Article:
LNG pipelines cannot be converted for oil: new BC law
B.C. will ban the future conversion of proposed Liquified Natural Gas pipelines for the transport of oil or bitumen, the provincial government said Tuesday.
The move is being seen as an effort to quell suspicions that LNG pipelines are being proposed as a backdoor way to build oil sands pipelines in the future.
“Many First Nations want to work with the Province and proponents on major natural gas pipeline developments, but some have strong and differing views about oil or diluted bitumen pipelines,” said John Rustad, Minister of Aboriginal Relations and Reconciliation in a statement.
“A regulation prohibiting the automatic conversion of natural gas pipelines for these purposes goes a long way to address the concerns we have heard.”
The route for Chevron’s Pacific Trails natural gas pipeline to Kitimat, for instance, is nearly identical to Enbridge’s controversial Northern Gateway oil pipeline, that has failed to gain approval with First Nations.
Chevron has long insisted its intention is not to convert the pipeline down the road.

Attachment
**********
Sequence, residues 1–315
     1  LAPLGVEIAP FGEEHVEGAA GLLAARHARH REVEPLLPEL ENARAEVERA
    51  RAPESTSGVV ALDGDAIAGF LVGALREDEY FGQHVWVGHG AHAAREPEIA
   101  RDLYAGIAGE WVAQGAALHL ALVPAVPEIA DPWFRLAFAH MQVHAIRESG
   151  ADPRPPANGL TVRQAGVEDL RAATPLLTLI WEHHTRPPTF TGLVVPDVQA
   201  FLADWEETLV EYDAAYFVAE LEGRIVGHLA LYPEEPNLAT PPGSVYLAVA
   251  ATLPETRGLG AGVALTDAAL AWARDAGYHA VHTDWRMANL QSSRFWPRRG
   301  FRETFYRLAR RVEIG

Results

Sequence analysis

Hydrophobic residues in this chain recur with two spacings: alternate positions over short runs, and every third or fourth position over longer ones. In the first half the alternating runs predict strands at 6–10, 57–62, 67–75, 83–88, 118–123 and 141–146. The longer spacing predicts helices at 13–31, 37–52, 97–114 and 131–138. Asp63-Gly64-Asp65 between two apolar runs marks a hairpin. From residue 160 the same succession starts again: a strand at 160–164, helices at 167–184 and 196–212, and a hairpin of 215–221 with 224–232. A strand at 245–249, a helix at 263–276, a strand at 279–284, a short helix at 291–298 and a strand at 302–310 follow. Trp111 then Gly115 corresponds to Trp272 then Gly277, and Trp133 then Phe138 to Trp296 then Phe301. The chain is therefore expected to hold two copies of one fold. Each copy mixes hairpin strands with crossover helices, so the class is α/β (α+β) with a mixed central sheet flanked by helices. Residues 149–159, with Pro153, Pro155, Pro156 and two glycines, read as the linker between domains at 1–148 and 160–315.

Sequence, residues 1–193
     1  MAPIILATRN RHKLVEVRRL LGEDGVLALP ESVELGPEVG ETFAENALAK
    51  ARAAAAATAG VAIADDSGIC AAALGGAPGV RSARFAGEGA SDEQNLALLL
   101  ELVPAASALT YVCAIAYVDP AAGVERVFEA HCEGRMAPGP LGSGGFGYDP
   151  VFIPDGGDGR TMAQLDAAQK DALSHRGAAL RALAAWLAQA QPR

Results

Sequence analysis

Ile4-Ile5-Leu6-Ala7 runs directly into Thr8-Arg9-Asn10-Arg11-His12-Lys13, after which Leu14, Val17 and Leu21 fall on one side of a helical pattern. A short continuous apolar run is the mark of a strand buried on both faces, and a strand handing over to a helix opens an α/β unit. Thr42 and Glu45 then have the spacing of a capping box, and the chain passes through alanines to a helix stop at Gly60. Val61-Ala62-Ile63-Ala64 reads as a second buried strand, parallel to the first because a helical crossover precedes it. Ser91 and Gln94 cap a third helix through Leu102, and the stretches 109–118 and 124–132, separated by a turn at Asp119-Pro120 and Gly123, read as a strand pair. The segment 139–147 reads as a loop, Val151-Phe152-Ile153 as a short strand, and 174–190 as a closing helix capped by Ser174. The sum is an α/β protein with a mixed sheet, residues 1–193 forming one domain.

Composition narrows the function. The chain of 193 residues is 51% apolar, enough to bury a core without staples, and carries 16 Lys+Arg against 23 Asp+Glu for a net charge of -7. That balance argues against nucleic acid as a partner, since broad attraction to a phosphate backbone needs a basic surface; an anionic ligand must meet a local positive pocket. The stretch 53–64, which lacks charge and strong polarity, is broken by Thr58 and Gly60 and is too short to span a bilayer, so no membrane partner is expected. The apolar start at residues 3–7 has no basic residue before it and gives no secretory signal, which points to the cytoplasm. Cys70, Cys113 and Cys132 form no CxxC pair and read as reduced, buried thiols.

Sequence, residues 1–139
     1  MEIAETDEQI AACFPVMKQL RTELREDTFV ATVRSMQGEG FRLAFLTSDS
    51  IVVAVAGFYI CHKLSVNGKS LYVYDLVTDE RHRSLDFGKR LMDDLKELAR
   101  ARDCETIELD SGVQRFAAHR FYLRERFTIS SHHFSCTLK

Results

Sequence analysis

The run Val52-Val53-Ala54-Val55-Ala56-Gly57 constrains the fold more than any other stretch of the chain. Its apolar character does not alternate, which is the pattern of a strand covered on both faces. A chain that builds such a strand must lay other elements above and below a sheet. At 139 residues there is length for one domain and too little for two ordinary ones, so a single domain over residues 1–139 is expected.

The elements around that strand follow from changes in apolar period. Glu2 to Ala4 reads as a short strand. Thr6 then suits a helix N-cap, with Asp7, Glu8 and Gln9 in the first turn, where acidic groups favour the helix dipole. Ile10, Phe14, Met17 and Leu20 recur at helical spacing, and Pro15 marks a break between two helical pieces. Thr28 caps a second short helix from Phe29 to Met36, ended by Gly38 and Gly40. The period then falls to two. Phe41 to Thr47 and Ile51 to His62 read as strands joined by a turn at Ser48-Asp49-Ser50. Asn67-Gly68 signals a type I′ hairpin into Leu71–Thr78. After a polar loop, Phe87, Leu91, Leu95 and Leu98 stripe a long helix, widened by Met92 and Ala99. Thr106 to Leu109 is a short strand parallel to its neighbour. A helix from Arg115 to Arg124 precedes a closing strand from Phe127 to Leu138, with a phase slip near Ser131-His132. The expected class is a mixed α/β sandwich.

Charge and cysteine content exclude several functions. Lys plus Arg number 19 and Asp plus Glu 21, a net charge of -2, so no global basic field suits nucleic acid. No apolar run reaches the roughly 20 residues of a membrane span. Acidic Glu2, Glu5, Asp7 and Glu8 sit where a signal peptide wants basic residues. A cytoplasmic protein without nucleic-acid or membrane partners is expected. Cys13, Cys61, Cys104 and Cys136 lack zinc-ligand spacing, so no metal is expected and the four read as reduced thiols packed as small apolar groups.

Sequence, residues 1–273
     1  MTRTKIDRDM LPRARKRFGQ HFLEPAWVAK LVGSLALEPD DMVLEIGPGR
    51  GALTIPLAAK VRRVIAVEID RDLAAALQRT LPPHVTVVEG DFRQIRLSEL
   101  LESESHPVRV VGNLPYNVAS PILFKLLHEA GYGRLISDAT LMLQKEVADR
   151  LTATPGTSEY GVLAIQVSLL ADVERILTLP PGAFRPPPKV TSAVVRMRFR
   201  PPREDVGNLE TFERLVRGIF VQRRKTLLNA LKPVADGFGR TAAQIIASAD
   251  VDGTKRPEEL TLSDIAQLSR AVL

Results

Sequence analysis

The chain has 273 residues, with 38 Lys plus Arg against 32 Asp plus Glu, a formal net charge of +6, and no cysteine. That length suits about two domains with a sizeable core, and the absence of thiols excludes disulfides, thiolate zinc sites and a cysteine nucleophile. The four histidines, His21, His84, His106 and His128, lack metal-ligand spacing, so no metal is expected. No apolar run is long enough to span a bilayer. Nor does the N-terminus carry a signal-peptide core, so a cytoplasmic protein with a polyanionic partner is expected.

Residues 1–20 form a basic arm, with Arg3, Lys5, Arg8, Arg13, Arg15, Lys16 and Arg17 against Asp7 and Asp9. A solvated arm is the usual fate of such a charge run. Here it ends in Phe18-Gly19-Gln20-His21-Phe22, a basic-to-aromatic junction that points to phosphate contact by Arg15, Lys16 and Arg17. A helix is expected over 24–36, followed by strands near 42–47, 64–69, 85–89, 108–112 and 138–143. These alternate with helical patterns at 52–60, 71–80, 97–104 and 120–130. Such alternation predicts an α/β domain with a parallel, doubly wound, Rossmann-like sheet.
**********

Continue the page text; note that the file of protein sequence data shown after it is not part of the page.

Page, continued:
The new regulation will be applied under the Oil and Gas Activities Act and prohibits the BC Oil and Gas Commission from permitting any conversion of a natural gas pipeline supplying an LNG facility.
The following six proposed pipelines are subject to the regulation and other pipelines can be added in the future:
- Coastal GasLink Pipeline Project (for LNG Canada)
- Westcoast Connector Gas Transmission Project (for Prince Rupert LNG)
- Prince Rupert Gas Transmission Project (for Pacific Northwest LNG)
- Pacific Trail Pipelines Project (for Kitimat LNG)
- Pacific Northern Gas Looping Project (for Douglas Channel LNG)
- Eagle Mountain-Woodfibre Gas Project (for Woodfibre LNG)
British Columbia currently has 18 LNG proposals for export operations. Energy analysts have said the province will be lucky if one is built due to global LNG competition, and declining energy prices.